It’s a family affair

Five generations of fire service in Freeport


Eleven men in the Louis family over five generations have been Freeport  firemen — that translates into 121 years of service to the community. “We believe in service,” Kenneth R. Lewis Jr., a fourth-generation Freeport fireman, now 76 years old, said. “It’s part of our family creed.

Lewis family fire service dates backs to the founding of Bayview Hose Company No. 3 in May of 1895. It was in the home of Stephen Lewis, Kenneth R. Lewis Jr.’s great grandfather, that Bayview Hose Company No. 3 was founded as the fifth company of the fledgling Freeport Fire Department. Stephen was the second foreman or captain of Company No.3. He and his brother Clarence, also a charter member of Company No. 3, were expected to pull their hose reels, ladder wagon and steamer engine to the scene where needed during those first years of fire service.        

“Fire response was based on the “ability of the brawny muscular firemen to drag their machinery,” Miguel Bermudez and Donald Giordano wrote in their book, “An Illustrated History of the Freeport Fire Department.” Members of Company No. 3 met in Stephen Lewis’s home until 1899 when the company’s first firehouse was built on Atlantic Avenue, near Bayview Avenue. Stephen Lewis served as captain three times through 1905.

Across the street from the newly built firehouse was the Lewis family’s barn, where the family kept their horses used in their trucking and excavating business. By 1908, the Freeport Fire Department began using horses to carry the heavy equipment to fires and the Lewis family lent their horses to the department.

According to Bermudez and Giordano, Freeport merchants had their horses trained so that when the fire whistles blew, the animals would stand to be unharnessed from a delivery truck and rushed to the firehouse. Clarence and Stephen’s son Arthur P. Lewis ran the Lewis family business and used their horses for fire service. “They were volunteers, just like the men,” Kenneth said. “My grandfather said his horses knew to come to the firehouse when they rang the bell.” Once inside, they went into the stalls, where “there were these drop harnesses for the horses,” he said.

In 1914, Bayview purchased seven riding rings for their truck, according to Bermudez and Giordano. Riding rings allowed six firemen to hang on to the truck on the way to a fire. “Otherwise you went to a fire by foot, bicycle or your own horse,” Kenneth said.

No more is known about Clarence Lewis. Arthur Lewis served twice as a captain for Company No. 3, and his brother Harold was also a firemen. But some time after 1910, there was a “family tragedy,” and the brothers resigned from the fire department.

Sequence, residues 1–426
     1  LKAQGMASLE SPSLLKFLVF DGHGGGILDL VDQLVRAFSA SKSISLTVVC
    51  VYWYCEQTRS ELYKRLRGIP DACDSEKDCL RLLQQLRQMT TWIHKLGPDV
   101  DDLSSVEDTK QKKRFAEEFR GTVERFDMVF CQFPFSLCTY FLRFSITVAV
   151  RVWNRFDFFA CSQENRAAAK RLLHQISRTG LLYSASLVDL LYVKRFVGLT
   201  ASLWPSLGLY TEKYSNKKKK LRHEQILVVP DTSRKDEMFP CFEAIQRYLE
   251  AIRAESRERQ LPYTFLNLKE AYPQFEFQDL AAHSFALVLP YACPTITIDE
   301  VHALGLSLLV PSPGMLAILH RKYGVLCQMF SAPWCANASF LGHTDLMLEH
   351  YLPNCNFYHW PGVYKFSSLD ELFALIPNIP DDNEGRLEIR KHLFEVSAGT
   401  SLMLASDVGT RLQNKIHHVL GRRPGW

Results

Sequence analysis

In 1921, Arthur’s son, Kenneth L. Lewis, joined Bayview Company No. 3. He served in the Freeport Fire Department for more than 50 years, retiring in 1974. Kenneth L. was chief of the Freeport Fire Department from 1943 to 1944, assisting in the war effort by “buying defense bonds, blacking out windows in the firehouse, having members sleep in so the firehouse would be constantly manned, lowering the thermostat in the winter and directing members to respond to their firehouse during monthly air raid drills,” wrote Bermudez and Giordano. Seventy-six members of the Freeport Fire Department served in the U.S. armed forces during World War II, according to Bermudez and Giordano.

Kenneth L. brought his sons, Arthur “Artie” and Kenneth R., to the firehouse often and instilled in them the importance of community service.  “I was 3 years old when my Dad was chief, and as long as I can remember, it was just a given that you would serve your community,” Kenneth R. said.

Brother Artie joined the department in 1953, serving as captain of Bayview Company One and chief from 1976 to 1977; he is still active in the fire department.

Kenneth R. joined in 1958, the same year as the Crystal Lake Hotel fire. Crystal Lake Hotel was a sprawling and famous show business resort built in 1900 on South Grove Street. Kenneth R. had just put his application in and wasn’t allowed to fight the blaze but recalls the fire. “It was a huge fire, fully involved,” he said. Bermudez and Giordano described the blaze as “one of the most spectacular fires ever seen in Freeport.” During his tenure, Kenneth R. was in charge of the fire department’s color guard and blood drive. Artie has been involved in the Firemen’s Association for the State of New York and the Nassau County Firemen’s Association, and is a trustee of a fireman’s home in upstate New York. “My brother and father spread out while I concentrated on this [fire] house,” Kenneth R. said.

Fifth-generation fire department members included Artie’s two sons, Arthur M. Lewis and Jay Lewis, both one-time captains and Kenneth R.’s son, Kenneth Jr. “My daughters also wanted to join, but I discouraged that. They married firemen instead.” Kenneth R. smiled. A cousin, Wallace Lewis also served in Bayview Company No. 3.

“We’ve followed in each other’s footsteps,” Kenneth R. said. But fifth-generation members have moved out of the village. “We’re the last of the line,” he said. Yet, for the Lewis family, the fire fighting tradition lives on. Kenneth R.’s grandson Ryan Alexander Reed Lewis is an airman first class with special training as a firefighter. “He always wanted to be a fireman,” said Kenneth. “He’s like the rest of us, but a professional.”